with Adam Laws:
Q1: When did you start writing and first influences?
I began writing when I was 14, having struggled with depression and constantly thinking up philosophical material – I began penning those ideas and constructing them into poems which mostly rhymed. It was when I was 19 and in my final year of college that I became interested in screenwriting. I returned to poetry in 2018 after a breakdown which inspired me to put together my first poetry collection “Morgue.”
When I first started writing poetry, I was also studying a variety of poets in school such as Simon Armitage and Carol Ann Duffy. I had studied “A Kestrel for a Knave” by Barry Hines when I was in my final year at school and that really stayed with me – even the film version appeals to me. When I was in college, I studied Ken Kesey’s “One Flew Over the Cuckoo’s Nest” – so that book really influenced me as well, from a psychological point of view. It has stuck with me all these years, and of course the film version has as well.
Q2: Who are your biggest influences today?
Adam: I don’t have many literary influences at this point of my life, though most of my influences come from musicians – I love that I can relate to certain lyrics that are backed by an amazing sound.
Q3: Any pivotal moment when you knew you wanted to be a writer?
Adam: It was when I was a teenager, looking for the right outlet. I was always very much into art and have been an artist since very early childhood. But the passion for writing really came about while I was developing through adolescence and battling depression. I always found it difficult to talk about things and explain my feelings, so writing just made it so much easier for me, even to this day.
Q4: Who has helped you most with writing?
Adam: Nobody has helped me as such, it is something I tend to go about on my own. When I was writing my first novella “Heated Halls” I had a few friends proofread it and offer amazing advice which made the book turn out stronger. But since then, particularly with my poetry collections, I’ve just gone about it on my own. I decided to have one of my poetry books illustrated back in May, the collection is called “What Exists, This…” and contains artwork by a very talented guy called Shermal Jones.
Q5: Where did you grow up and how did that influence your writing & did any travels away from home influence your work?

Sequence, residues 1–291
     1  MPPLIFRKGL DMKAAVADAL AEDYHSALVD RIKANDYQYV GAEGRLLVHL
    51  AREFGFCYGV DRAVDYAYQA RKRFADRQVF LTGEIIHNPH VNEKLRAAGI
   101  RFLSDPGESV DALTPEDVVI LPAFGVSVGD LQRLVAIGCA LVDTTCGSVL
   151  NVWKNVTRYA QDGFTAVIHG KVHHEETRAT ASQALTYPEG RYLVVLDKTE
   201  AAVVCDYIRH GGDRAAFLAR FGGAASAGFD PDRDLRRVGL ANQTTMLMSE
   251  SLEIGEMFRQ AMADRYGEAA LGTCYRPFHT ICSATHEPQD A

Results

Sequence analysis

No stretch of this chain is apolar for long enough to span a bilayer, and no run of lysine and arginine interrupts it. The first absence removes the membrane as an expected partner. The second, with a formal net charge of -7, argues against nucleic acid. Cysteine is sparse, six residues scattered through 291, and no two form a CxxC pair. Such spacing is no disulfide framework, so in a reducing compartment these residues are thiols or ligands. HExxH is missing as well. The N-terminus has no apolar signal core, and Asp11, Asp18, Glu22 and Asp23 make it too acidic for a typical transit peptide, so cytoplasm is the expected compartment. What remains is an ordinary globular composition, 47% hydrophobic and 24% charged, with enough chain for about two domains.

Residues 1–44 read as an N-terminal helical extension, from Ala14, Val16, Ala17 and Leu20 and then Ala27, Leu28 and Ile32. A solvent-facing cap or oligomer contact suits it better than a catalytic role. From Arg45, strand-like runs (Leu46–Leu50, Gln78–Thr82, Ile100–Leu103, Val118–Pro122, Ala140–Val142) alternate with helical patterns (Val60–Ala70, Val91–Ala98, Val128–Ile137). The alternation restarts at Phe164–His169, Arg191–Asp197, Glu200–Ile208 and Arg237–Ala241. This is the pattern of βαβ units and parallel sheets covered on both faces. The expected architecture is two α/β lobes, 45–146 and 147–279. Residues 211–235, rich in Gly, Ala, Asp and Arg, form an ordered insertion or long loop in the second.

Adam: I grew up in Birmingham, England where as a child I was full of imagination, being quite the fantasist. I spent my teen years attending an all-boys school and struggled to fit in as I was often pushed out. So, I think that may have developed a hunger in me to branch out and do something that meant a lot to me – and this came into play once I left school to go to college; I decided to go to a college that was quite a distance from my home and where no one else was going to because I felt I needed to start fresh. It was in college, with the help of my tutors that I began to really hone my writing skills, as well as my artistic skills.
Q6: What do you consider your most meaningful work you’ve done creatively so far to you?
Adam: I put together my first anthology “Lyrical Lot” back in November 2019 which contains all the poetry from my first four chapbooks – so it has a total of 120 poems. There is a lot of psychological and philosophical material in that book. I hold every book I have written in the same light as I am proud to have produced them. But “Lyrical Lot” is probably the most meaningful, especially as it contains the material from “Morgue” which brought me back to poetry and was the very first book I put together.
Q7: Favorite activities to relax?
Adam: Music plays an essential part in my life, it always has, and that goes for anybody really… I love most music, but I particularly listen to the 80s. I enjoy tennis, though haven’t played it in a while. I also like to return to my sketchbook once in a while.
Q8: What is a favorite line/stanza from a poem/writing of yours or others?
Adam: This is a stanza taken from a poem I wrote called “Shackled Shade.”
“Being forms of us in darkened distortion,
the shadows rest pressed, gaunt against the walls,
they’re like a blush or better yet a bruise of sorts,
which the light of the passing hour hauls.”
Q9: Any recent or forthcoming projects that you’d like to promote?
Adam: My most recent poetry collection “The Hours Were Ours” is about the highs and lows of love and can be purchased on Amazon in both Kindle and Paperback format – https://www.amazon.co.uk/gp/product/B09C6P1PHR/ref=dbs_a_def_rwt_bibl_vppi_i0
Other books from Adam to check out: